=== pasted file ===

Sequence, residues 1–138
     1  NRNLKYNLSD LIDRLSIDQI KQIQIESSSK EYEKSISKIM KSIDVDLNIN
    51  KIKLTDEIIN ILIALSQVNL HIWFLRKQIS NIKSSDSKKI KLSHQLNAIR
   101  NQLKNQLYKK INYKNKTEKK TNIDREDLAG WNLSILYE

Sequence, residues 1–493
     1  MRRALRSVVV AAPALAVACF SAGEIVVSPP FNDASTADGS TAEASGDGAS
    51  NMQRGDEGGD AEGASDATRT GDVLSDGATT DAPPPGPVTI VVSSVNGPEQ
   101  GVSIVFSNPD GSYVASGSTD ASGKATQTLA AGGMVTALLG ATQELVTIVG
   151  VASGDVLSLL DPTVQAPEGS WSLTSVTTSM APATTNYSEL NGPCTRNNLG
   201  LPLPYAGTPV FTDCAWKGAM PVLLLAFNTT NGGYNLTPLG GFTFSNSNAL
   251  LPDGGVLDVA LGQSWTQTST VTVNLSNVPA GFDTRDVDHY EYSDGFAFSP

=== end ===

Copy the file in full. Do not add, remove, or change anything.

Sequence, residues 1–138
     1  NRNLKYNLSD LIDRLSIDQI KQIQIESSSK EYEKSISKIM KSIDVDLNIN
    51  KIKLTDEIIN ILIALSQVNL HIWFLRKQIS NIKSSDSKKI KLSHQLNAIR
   101  NQLKNQLYKK INYKNKTEKK TNIDREDLAG WNLSILYE

Sequence, residues 1–493
     1  MRRALRSVVV AAPALAVACF SAGEIVVSPP FNDASTADGS TAEASGDGAS
    51  NMQRGDEGGD AEGASDATRT GDVLSDGATT DAPPPGPVTI VVSSVNGPEQ
   101  GVSIVFSNPD GSYVASGSTD ASGKATQTLA AGGMVTALLG ATQELVTIVG
   151  VASGDVLSLL DPTVQAPEGS WSLTSVTTSM APATTNYSEL NGPCTRNNLG
   201  LPLPYAGTPV FTDCAWKGAM PVLLLAFNTT NGGYNLTPLG GFTFSNSNAL
   251  LPDGGVLDVA LGQSWTQTST VTVNLSNVPA GFDTRDVDHY EYSDGFAFSP